New Cobourg Transit Provider Recommended

In Local

By Cecilia Nasmith/Today’s Northumberland
Cobourg will soon have a new public-transit provider, leading up to a fixed-route pilot project in September.

The Public Works, Planning and Development committee voted at its May meeting to recommend to council that the town proceed with an agreement between the town and Mobility Transportation Specialists to operate the public-transit services budgeted for.

No details were discussed among committee chair Brian Darling and committee members Lucas Cleveland and Miriam Mutton, but details were set out in a report by Transportation Supervisor Renee Champagne.

The existing contract with Century Transportation will expire upon commencement of the new Transit Operations Contract, which has separated transit operations and transit-vehicle maintenance into two separate contracts – one for such functions as drivers and dispatching and the other strictly for vehicle maintenance.

MTS has indicated they will accept the town’s offer to use municipal property at 390 King St. W. for vehicle storage, office space and dispatching services, and the RFP includes a limited fixed-route service for the town’s 30-ft. vehicle for at least a one-year pilot project.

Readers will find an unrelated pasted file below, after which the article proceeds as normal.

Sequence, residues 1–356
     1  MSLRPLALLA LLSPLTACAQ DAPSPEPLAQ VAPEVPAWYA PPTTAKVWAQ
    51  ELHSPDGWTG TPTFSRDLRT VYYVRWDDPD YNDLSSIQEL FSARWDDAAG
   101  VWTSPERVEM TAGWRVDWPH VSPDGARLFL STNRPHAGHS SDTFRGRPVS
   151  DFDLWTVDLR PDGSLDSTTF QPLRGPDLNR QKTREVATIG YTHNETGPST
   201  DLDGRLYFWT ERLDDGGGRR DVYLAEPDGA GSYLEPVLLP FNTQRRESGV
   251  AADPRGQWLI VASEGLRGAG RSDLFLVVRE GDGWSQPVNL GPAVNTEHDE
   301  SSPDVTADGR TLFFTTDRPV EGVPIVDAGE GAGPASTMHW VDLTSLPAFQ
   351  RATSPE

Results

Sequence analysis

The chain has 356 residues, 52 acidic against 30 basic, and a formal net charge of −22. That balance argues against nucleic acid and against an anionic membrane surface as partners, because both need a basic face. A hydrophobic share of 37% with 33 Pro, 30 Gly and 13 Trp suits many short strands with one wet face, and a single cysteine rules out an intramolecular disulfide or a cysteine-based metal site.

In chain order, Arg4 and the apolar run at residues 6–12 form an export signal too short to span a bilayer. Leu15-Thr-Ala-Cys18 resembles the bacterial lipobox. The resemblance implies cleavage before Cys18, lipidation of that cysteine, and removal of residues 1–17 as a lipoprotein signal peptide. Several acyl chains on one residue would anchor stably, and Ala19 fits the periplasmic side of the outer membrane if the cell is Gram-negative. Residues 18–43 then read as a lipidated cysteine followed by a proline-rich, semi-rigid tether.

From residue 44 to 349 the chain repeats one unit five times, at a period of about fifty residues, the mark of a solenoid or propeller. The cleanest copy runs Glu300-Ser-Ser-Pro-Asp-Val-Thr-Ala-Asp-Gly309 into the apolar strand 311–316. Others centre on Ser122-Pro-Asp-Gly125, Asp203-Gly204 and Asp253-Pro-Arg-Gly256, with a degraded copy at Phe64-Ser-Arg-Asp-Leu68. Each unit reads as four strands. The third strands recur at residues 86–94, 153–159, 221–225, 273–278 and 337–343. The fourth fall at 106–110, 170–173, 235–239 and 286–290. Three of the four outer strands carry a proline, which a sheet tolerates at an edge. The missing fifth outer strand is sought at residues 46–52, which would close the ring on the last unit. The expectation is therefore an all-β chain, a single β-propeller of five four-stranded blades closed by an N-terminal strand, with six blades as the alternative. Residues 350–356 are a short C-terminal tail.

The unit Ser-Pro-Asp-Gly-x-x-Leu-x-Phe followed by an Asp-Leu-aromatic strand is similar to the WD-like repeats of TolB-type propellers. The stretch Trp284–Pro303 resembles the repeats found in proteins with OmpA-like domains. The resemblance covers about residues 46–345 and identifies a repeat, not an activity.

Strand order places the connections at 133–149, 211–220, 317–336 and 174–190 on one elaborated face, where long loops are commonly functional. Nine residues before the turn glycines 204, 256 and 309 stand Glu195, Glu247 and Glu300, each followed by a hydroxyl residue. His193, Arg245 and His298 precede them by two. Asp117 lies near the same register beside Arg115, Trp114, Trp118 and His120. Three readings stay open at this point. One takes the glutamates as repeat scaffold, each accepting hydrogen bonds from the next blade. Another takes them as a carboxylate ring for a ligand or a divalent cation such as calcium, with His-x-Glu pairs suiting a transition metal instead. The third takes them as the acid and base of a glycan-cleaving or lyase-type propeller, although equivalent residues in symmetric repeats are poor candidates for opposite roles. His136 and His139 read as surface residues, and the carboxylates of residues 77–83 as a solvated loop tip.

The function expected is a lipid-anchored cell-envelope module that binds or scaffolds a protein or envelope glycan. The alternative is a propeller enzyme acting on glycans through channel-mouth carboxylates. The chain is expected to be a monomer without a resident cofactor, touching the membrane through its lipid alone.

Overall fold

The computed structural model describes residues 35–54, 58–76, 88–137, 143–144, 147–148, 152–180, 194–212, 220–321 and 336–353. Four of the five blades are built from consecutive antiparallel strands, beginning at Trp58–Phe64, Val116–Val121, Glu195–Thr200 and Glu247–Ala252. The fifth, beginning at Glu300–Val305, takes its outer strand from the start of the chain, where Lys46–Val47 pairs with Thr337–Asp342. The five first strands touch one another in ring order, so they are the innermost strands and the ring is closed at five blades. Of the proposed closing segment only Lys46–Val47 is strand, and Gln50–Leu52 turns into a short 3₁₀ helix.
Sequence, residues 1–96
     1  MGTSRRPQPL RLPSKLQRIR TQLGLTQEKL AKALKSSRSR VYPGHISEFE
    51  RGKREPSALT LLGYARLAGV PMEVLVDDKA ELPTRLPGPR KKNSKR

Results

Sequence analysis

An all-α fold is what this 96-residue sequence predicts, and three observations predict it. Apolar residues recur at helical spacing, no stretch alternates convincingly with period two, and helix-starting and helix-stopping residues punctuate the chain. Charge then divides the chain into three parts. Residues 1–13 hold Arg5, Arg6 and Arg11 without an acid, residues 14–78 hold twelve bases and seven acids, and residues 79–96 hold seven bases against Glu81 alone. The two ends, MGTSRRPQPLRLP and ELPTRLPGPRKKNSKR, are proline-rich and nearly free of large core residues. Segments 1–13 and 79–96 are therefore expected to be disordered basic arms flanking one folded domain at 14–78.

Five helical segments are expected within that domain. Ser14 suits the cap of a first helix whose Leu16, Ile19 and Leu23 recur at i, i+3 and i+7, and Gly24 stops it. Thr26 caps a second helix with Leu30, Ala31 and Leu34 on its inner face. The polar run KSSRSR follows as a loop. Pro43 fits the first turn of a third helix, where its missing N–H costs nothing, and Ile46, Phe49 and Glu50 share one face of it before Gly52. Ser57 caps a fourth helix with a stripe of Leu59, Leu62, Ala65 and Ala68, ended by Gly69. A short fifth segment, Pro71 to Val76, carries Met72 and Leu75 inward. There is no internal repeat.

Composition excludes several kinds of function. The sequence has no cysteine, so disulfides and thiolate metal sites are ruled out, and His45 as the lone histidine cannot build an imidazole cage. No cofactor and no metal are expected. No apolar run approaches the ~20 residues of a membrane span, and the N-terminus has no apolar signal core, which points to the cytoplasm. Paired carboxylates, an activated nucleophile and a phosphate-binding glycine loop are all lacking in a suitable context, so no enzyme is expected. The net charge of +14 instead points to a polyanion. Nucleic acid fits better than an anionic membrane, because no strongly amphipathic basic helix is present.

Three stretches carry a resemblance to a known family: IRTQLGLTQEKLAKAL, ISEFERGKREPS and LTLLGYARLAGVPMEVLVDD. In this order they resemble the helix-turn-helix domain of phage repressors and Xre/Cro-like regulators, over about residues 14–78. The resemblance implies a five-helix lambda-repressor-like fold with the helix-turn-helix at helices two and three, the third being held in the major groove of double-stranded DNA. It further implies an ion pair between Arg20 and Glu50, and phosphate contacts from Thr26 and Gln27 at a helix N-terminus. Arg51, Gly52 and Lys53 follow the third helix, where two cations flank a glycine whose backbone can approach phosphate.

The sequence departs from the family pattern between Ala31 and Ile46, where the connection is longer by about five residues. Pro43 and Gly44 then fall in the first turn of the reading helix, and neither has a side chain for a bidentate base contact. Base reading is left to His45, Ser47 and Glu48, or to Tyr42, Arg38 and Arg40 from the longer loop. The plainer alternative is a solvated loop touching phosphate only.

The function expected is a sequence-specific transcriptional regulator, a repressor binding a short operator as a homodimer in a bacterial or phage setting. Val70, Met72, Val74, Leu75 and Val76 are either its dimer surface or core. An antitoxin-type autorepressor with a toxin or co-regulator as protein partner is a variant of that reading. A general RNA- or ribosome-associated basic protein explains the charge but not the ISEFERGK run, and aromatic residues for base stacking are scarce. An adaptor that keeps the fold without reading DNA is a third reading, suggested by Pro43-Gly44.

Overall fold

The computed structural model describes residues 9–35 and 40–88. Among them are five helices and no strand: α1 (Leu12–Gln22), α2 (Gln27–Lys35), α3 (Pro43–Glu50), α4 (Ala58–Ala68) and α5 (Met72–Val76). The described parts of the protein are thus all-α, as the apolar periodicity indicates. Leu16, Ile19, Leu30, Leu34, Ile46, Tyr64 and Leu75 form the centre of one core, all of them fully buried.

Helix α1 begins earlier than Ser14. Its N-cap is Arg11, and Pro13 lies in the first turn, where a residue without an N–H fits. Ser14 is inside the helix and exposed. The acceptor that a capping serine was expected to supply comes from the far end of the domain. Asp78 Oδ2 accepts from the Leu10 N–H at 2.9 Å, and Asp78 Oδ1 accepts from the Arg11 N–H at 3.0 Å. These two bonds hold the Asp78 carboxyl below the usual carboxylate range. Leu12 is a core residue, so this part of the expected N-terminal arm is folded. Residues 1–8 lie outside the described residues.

Of the four bids for the contract, Mobility scored highest in such criteria as staff qualifications and start-up transition plan, as well as price. Of the two highest scorers, Mobility had the better price, “and their submission provided a distinct degree of understanding throughout all aspects identified in the scope of work,” Champagne’s report said.

“MTS has extensive experience in providing accessible transportation and specializes in On-Demand services.”

The annual cost for transit operations for the first three years is estimated at $795,879.41 for 2024, $678,461.90 for 2025 and $707,404.33 for 2026. The estimate for 2024 includes start-up costs as well as the fixed-route pilot estimated cost of $72,550.40, but these are not included for subsequent years.

The town has the option to extend operations for two additional two-year terms.

“Public transit plays a critical role in community wellbeing and supports a complete community by allowing people to access work and services,” the staff report said.

“The pilot fixed route is expected to improve services for transit riders by making it easier to access without the need to book a ride in advance.”

Director of Public Works Laurie Wills estimated a three-month transition time between contracts, and said that actual fixed-route service should begin in September.

Cecilia Nasmith
Author: Cecilia Nasmith

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